In a new study from 2023, the same UC Davis scientists who questioned the traditional Coffee Brewing Control Chart have come back with more research. They’ve even proposed a new Brew Control Chart. What’s different this time?
The researchers are addressing two main points:
- Taste Descriptors: The new chart aims to describe what the coffee tastes like at different strengths and extraction levels, rather than just labeling it as “underdeveloped” or “bitter.”
- No judgement: There is still a zone in the middle of the chart that indicates the classic standard, but the areas surrounding it are not described as problematic.
- Consumer Preferences: The study found that people generally fall into one of two groups regarding coffee preferences. So, rather than finding a one-size-fits-all solution, the study suggests tailoring the brew to satisfy these two separate groups is better. The researchers also plot these cluster preferences onto a brew control chart.
Cluster 1 prefers coffee that isn’t too bitter or sour; they enjoy a low Total Dissolved Solids (TDS) and a medium extraction percentage. Interestingly, the researchers find that a really low TDS matches with sweetness.
I haven’t given this much thought before, but it aligns with some of my experiences. There have been times when I was surprised that a nice-tasting coffee would only score 1.05 TDS on my refractometer.
On the other hand, Cluster 2 has a broader range of tastes. The researchers speculate that this group might be made up of more experienced coffee drinkers:
“The second preference segment liked equally coffees with acid/sour, citrus, berry, and dried fruit sensory attributes on the one hand or coffees with roasted, burnt/ash, thick, and black tea sensory attributes on the other hand (…)
(..) This was unexpected and may seem odd, but it occurs to us that those areas of the BCC match the flavor profiles of high-quality specialty coffees and typical espresso blends, respectively, and may speak to a preference segment of more experienced and neophilic coffee drinkers, who were familiar with a broader range of coffees.”
“The neophilic coffee drinker?” Is that you and me? The dictionary defines it as “a person or animal that enjoys new or novel experiences or food.” You have to be a bit neophilic to start experimenting with anaerobic fermentations.
No wonder it can be challenging to fit us all into a chart.
The future of brewing?
So, what does this new chart mean for us coffee drinkers? Well, it shows that areas previously considered “no-go zones” in the old chart are now open for exploration. If you enjoy a high TDS/low extraction coffee that tastes sour or citrusy, the new chart says that’s perfectly okay. It’s liberating, to say the least!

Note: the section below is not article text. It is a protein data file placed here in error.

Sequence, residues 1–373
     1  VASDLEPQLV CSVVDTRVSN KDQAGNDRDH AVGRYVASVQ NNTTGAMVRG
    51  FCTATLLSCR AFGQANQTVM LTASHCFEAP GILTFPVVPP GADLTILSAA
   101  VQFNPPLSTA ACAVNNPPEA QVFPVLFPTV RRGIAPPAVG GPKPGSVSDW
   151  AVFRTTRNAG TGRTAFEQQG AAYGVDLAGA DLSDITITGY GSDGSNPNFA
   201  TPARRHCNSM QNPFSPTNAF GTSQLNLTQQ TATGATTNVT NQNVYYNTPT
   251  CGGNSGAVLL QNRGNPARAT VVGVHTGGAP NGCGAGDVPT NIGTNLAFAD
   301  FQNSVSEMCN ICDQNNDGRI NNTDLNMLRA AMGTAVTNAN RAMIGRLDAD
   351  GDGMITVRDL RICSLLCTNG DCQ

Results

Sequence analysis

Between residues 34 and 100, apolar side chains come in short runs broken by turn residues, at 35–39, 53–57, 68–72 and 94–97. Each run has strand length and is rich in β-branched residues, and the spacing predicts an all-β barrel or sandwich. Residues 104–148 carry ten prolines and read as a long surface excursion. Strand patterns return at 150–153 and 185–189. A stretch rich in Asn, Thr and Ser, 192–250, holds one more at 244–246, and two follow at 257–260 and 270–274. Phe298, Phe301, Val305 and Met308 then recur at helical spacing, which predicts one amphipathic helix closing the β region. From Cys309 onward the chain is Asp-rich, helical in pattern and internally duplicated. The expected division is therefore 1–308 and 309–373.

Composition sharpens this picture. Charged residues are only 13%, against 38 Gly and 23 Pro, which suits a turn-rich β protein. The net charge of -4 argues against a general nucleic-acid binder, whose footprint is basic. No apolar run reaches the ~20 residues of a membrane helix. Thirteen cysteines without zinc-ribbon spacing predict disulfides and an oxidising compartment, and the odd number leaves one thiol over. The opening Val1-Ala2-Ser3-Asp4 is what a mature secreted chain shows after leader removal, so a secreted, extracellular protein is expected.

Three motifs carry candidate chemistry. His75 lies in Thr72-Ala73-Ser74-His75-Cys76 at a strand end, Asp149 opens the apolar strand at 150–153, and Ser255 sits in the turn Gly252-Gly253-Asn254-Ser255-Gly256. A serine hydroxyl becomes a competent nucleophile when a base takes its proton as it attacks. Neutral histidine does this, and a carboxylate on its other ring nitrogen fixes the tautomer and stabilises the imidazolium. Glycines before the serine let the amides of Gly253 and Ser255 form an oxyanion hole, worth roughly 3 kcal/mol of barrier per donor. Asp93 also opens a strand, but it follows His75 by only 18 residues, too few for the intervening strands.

Overall, I find that the new chart echoes my own experiences pretty well. The traditional brew control chart was far too rigid regarding TDS preferences – because of this, brewing at a 1:15 ratio could not be defined as living up to the Gold Cup Standard while brewing at a 1:20 ratio could. This didn’t make any sense, and was only the result of a narrow mathematical emphasis on being able to draw lines that landed within the square.
If you look at coffee competitions, the winning cups were always closer to the 1:15 ratio, and among homebrewers, I’d say that 1:15-1:17 is the de facto gold standard.
Nowadays, most coffee drinkers have experienced espresso with a TDS between 8-12%. So why should a TDS slightly higher than 1.35 not be included in the ideal zone?
In 1957, when the charts were created, espresso hadn’t been introduced to North America. I also doubt there were perfectly processed single-origin coffee available.
Clearly, we need to account for these changes. This also goes the other way – more and more coffee pros advocate for stepping beyond the 22% extraction yield and going much higher. This is possible due to innovations in coffee equipment, such as zero-bypass brewers, new roasting styles, and farming practices.
The coffee industry has been dogmatic, sticking to rigid rules for too long. We’ve trusted that what we believed to be “scientific” was the ultimate truth. The emerging evidence suggests it’s time to revisit some of our long-held beliefs about coffee brewing.
One of my pet peeves is that most coffee shops are stuck in this closed-off mindset. They follow the Golden Cup for drip coffee and the 1:2 shot for espressos (which could almost be considered the Golden Cup equivalent in the espresso version). The result? A weak cup of pour over and an overly strong and acidic espresso shot.
If you’d survey your customers, I’d almost guarantee they’d prefer shots at a 1:3 ratio and drip coffee with a TDS of around 1.40-1.45.
I have said this for many years, and the recent study is a good reminder: Coffee is something you drink to enjoy – your tastebuds should be the ultimate judges, not some ancient chart.